According to Section 20.138.2(a) of the North Carolina General Statutes, it is an offense to drive after taking a Schedule I controlled substance or under the influence of any substance that can impair a person's physical or mental capability. Marijuana and its derivatives (such as THC) are classified as Schedule IV controlled substances in the North Carolina Controlled Substances Act. However, THC is an impairing substance. Therefore, a law enforcement officer may require blood or urine drug testing to determine the presence of THC in a driver's system. The results of such a test may be used in court. However, the state will have to prove a driver's impaired state beyond reasonable doubt since North Carolina does not have a specific legal limit for THC. Marijuana-sourced THC products containing less than 0.9% of THC are considered low-THC products under the North Carolina Epilepsy Alternative Treatment Act. However, only registered medical marijuana patients can use low-THC products in North Carolina. Drivers who refuse drug tests risk losing their licenses.
As stipulated in Chapter 20 of the North Carolina General Statutes, drivers in the state must submit to blood or urine drug tests at the request of law enforcement officers. THC metabolites can be detected in a person's system after they smoke or ingest a THC product. Some factors can influence the outcome of a THC drug test. They include the amount of THC product consumed, frequency of consumption, body metabolism rate, and the amount of time that has passed since last use.
Typically, THC can be detected for up to 30 days in the saliva, 90 days in the hair, 36 hours in the blood, and two days in saliva after using THC products. When a person consumes THC products, the body absorbs the THC molecules into the circulatory system. Afterward, the blood transports the THC molecules to the liver, which eliminates most of the THC molecules and metabolizes the remaining portion that eventually acts on the body's endocannabinoid receptors.
THC oil is sometimes mistaken for CBD oil, but they are different. CBD oil is derived from industrial hemp and primarily contains cannabidiol (CBD). On the other hand, THC oil, also known as cannabis oil, is an intoxicating product of cannabis plants. It can be added to beverages, salads, or consumed sublingually. However, THC oil is mainly consumed by vaping. THC oil is usually prepared by heating marijuana plants in edible oils like coconut or olive oil and passing the mixture through a cheesecloth to obtain the concentrated oil.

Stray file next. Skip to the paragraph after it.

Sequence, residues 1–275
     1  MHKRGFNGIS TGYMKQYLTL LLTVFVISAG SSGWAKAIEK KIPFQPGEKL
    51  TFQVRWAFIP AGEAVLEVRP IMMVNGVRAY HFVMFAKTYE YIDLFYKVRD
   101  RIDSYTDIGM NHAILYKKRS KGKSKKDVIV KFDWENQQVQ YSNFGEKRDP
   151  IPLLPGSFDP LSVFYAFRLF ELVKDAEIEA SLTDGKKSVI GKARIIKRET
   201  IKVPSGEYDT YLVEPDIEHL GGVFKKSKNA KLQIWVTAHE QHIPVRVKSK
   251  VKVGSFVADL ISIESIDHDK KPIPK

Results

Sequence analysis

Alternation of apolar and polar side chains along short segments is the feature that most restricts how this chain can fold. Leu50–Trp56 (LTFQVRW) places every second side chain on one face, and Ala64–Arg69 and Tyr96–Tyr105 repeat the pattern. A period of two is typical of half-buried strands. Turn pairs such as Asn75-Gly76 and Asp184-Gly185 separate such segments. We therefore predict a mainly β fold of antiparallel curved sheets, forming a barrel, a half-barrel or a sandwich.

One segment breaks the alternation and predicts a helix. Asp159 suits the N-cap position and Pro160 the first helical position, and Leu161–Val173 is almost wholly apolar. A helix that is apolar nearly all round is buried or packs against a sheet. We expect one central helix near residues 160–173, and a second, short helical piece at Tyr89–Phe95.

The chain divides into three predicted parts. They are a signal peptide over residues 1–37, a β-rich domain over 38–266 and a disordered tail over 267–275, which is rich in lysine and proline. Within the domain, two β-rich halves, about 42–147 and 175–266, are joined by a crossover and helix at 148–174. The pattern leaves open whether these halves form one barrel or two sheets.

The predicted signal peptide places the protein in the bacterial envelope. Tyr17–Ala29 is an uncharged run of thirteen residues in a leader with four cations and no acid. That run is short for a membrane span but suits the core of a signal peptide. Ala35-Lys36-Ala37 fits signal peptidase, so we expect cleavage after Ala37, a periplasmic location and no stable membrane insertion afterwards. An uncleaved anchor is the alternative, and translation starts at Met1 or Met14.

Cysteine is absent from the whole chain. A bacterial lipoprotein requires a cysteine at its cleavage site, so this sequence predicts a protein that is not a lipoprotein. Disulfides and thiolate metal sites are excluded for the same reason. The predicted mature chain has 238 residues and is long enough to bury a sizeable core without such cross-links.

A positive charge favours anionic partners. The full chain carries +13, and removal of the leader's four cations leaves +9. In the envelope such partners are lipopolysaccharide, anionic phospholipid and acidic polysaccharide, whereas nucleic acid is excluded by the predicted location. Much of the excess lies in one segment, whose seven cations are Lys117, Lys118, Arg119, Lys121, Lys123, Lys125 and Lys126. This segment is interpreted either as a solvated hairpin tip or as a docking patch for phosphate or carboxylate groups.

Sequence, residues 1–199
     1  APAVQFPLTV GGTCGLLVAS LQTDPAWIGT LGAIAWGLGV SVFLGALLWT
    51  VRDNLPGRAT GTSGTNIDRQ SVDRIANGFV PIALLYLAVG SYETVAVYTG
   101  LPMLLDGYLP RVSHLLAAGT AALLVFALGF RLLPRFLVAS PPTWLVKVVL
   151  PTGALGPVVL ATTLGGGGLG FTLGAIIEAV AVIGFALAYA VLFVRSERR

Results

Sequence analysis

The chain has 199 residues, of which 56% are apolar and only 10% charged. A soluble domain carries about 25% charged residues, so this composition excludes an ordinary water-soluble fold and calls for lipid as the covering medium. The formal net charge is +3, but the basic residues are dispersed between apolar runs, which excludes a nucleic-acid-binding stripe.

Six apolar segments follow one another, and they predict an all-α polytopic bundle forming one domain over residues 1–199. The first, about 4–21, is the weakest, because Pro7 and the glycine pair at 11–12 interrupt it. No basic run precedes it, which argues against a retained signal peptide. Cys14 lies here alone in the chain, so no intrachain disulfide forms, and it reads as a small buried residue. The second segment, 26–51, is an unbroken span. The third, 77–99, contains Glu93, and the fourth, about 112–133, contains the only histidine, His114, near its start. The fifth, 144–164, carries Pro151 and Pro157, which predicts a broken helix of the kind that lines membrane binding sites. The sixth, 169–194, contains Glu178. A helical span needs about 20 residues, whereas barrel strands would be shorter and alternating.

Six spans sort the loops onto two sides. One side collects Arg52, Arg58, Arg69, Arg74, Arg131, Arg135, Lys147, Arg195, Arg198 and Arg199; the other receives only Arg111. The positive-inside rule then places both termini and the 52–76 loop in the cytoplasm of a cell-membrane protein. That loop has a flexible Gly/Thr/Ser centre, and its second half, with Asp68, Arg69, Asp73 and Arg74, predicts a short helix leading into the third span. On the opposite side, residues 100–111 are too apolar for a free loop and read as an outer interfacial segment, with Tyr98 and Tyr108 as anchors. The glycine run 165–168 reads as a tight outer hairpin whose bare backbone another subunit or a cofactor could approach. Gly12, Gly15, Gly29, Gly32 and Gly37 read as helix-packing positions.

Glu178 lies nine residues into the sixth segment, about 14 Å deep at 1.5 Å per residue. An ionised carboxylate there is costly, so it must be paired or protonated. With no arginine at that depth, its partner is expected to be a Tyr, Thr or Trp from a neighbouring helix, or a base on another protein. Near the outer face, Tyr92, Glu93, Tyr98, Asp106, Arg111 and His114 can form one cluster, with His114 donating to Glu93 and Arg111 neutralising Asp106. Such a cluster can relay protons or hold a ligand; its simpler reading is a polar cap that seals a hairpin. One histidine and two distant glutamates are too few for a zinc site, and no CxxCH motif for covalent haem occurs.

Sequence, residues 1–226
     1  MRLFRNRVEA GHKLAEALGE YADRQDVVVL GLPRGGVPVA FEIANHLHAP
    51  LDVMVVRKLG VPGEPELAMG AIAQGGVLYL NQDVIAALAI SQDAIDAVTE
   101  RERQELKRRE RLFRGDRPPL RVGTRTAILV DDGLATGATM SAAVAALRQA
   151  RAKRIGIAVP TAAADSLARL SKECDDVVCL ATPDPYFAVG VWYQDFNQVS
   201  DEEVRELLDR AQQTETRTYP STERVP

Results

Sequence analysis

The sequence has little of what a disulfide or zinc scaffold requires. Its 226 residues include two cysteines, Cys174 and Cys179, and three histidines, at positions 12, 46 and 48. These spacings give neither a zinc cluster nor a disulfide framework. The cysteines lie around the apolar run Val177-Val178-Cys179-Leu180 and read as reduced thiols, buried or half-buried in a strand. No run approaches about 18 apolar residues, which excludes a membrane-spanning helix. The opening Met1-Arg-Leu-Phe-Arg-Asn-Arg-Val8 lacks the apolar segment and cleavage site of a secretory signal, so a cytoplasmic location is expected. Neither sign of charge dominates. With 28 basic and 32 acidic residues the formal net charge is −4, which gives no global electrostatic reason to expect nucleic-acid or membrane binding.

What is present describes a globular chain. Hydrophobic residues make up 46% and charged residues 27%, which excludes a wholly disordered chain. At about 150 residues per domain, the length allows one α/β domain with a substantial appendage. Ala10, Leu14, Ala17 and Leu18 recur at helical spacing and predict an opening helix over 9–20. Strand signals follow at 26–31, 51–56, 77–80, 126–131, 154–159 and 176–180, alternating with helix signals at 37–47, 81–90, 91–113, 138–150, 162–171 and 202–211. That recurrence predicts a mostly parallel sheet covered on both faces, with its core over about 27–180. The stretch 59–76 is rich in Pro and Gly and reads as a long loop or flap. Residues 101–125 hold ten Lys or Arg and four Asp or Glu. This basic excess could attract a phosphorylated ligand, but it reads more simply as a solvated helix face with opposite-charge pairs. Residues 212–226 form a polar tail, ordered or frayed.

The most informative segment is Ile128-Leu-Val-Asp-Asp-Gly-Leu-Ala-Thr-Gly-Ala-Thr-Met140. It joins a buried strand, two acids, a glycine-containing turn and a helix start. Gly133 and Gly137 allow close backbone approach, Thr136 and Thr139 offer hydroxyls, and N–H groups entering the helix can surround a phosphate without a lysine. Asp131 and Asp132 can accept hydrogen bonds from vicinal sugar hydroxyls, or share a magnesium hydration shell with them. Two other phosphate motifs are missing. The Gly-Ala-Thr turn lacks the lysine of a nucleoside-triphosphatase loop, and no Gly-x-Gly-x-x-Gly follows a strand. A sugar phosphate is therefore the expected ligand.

When THC oil is subjected to high heating to the point of vaporization, its THC content can be collected separately from other molecules. This process is known as distillation, and it yields THC distillate which is purer than THC oil because all the non-THC compounds are entirely removed. THC distillate can be highly intoxicating when consumed and may be ingested or vaped. It is different from CBD distillate. CBD distillate contains about 80% cannabidiol and other cannabinoids such as cannabigerol (CBG) and cannabinol (CBN).
THC cartridges, gummies, and other kinds of edibles are legal in North Carolina. The state does not have special licensure or registration requirements for hemp product sellers and does not restrict the sale of hemp products online. Therefore, North Carolina residents may patronize online stores or local shops to obtain delta-9 and delta-8 THC products.
|THC Amount||Expected Effects||Who Should Use It?|
|Up to 2.5 mg||Improves mental focus and mildly relieves pain and stress||First-time users and microdosers|
|2.5 - 5 mg||Provides stronger pain relief and euphoria. May impair judgment, perception, and coordination||Medical marijuana patients, recreational marijuana users, and those looking to calm sleeps|
|5 - 10 mg||Produces stronger euphoria. May also alter perception and impair coordination||Users with high tolerance to THC|
|10 - 20 mg||Very strong euphoria likely leading to higher likelihood of impaired judgment, slower reaction times, anxiety, and altered perception||Users with particularly high tolerance to THC and medical marijuana patients with malabsorption syndrome (reduced gastrointestinal absorption)|
|50 - 100 mg||Guaranteed mood and perception alteration along with impaired coordination. Likely to cause significant side effects such as pain, increased heart rate, and nausea||Medical marijuana patients living with severe chronic pain, cancer, or other intractable conditions such as inflammatory disorders|